“The situation inside the KPK is uncomfortable [...] because of all of these [police] summonses. Therefore, steps must be taken quickly by the KPK,” he said at the AGO headquarters in South Jakarta.
Another interim KPK commissioner, Indriyanto Seno Adji, said the handover was the legal option that “carries the least amount of risk” for the KPK.
Ghosts at the KPK
Attorney General H.M. Prasetyo has already indicated his office will not pursue the case against Budi. The development has sparked anger from antigraft activists and officials and supporters of the KPK, which has a 100 percent conviction rate against every individual it has ever named a suspect throughout its 12-year history.
Hundreds of KPK employees and investigators on Tuesday staged a demonstration outside the KPK building in South Jakarta to protest the handover of the Budi case to the AGO, accusing the interim commissioners of being “ghosts who are afraid of the police.”
The employees demanded that the KPK leaders take back jurisdiction of the case and seek a case review with the Supreme Court against the earlier ruling, and also to be transparent about their corruption eradication strategies.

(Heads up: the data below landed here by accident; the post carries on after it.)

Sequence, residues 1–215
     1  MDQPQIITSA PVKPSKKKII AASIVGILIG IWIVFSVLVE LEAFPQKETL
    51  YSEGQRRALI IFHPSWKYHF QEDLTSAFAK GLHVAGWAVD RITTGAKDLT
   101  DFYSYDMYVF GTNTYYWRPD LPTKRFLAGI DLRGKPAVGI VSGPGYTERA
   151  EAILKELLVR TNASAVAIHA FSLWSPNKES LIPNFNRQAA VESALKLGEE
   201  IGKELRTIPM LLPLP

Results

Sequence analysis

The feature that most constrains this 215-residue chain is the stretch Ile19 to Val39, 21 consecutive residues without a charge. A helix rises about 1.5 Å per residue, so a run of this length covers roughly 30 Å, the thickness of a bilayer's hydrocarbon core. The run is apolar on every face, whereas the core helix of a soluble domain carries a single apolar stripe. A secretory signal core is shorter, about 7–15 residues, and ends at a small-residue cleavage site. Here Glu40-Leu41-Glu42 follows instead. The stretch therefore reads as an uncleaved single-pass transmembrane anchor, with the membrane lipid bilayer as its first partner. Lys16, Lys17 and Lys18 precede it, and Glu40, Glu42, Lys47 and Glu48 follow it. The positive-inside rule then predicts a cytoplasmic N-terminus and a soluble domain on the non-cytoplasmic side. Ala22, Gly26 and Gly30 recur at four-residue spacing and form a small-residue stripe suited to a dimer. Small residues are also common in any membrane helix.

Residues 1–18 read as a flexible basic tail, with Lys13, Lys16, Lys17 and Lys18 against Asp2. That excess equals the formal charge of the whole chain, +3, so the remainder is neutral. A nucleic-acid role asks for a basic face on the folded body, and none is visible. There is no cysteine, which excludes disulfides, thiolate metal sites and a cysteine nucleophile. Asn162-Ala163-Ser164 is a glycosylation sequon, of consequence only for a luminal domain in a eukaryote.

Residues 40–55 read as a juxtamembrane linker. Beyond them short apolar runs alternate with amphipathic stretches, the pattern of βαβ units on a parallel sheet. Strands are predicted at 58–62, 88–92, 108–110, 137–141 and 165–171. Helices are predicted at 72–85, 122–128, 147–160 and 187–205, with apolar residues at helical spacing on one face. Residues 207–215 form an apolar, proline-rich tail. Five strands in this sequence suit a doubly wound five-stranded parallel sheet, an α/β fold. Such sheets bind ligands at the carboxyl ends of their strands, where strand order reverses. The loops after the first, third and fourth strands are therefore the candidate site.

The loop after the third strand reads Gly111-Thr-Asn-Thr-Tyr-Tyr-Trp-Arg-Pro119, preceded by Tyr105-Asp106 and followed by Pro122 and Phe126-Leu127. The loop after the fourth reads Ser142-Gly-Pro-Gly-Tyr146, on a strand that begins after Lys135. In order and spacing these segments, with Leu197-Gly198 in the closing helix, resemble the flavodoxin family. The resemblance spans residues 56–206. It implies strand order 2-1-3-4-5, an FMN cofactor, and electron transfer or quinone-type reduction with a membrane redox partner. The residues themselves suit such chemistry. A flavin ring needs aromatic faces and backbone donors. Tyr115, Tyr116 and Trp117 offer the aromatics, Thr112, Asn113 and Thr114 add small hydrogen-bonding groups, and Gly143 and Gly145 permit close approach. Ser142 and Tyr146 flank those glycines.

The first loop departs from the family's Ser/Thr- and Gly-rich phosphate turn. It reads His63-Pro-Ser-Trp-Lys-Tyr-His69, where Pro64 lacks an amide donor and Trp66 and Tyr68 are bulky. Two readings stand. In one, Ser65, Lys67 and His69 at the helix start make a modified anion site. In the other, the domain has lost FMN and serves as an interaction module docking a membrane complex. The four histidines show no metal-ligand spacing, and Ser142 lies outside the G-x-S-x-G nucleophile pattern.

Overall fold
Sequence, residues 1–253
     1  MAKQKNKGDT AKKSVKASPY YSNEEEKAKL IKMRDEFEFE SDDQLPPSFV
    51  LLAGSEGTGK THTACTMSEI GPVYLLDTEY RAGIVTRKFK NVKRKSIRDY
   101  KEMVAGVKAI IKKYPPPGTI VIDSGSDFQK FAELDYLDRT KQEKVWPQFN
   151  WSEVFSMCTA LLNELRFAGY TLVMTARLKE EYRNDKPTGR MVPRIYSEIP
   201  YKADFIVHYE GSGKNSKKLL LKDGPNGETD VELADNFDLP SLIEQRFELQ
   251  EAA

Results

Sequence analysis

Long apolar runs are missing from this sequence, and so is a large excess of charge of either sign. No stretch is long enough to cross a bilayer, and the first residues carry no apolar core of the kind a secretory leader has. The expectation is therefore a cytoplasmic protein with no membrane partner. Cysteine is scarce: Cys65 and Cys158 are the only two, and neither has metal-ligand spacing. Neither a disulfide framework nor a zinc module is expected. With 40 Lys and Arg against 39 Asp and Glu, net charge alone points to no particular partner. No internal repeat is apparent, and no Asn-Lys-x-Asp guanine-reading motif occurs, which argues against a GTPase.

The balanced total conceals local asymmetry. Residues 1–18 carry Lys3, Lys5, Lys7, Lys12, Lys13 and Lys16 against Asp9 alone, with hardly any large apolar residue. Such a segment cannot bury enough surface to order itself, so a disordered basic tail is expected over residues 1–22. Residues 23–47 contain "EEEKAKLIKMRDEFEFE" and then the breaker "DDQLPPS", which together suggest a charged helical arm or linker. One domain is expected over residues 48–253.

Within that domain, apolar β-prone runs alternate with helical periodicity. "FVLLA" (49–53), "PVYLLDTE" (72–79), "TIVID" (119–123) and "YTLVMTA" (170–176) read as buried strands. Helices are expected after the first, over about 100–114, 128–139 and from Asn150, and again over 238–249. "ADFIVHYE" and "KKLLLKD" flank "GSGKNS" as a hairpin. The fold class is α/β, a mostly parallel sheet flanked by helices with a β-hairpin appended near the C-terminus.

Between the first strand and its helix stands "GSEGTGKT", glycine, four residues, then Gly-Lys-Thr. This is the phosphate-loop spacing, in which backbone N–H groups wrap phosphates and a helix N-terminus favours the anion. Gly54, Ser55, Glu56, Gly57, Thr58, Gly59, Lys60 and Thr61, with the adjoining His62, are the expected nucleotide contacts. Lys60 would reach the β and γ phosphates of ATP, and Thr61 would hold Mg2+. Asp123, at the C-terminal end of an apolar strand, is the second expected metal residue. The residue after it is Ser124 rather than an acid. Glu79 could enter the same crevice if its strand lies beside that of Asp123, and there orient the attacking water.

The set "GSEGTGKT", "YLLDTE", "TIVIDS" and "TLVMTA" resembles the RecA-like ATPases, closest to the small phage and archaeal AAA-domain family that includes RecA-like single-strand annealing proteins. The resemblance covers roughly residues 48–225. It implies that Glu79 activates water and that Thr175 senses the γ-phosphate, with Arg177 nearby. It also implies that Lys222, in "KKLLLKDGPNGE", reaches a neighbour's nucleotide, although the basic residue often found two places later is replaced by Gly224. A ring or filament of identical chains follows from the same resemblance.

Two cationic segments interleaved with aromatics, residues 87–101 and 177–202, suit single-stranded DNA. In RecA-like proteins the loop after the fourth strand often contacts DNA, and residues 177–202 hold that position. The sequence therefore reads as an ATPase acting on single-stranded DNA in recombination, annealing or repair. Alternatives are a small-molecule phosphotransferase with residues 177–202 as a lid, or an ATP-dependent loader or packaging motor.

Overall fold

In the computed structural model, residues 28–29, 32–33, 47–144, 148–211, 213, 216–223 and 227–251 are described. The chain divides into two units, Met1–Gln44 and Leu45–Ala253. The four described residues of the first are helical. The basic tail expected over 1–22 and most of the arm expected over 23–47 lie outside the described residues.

“Who knows what [the KPK leaders] will do next? Will all cases be treated like commodities?” one of the protesters said in an address to the crowd. “This morning, everyone can see that the KPK is dying. Our struggle has flagged under these ghosts who have come to this building. These ghosts are afraid of the [National Police]. We are not afraid. This building is never afraid.”
Ruki, who was present at the protest along with Indriyanto, argued that Budi’s case was more trouble than it was worth, saying that it had consumed the attention of everyone at the KPK and kept them from pursuing other cases.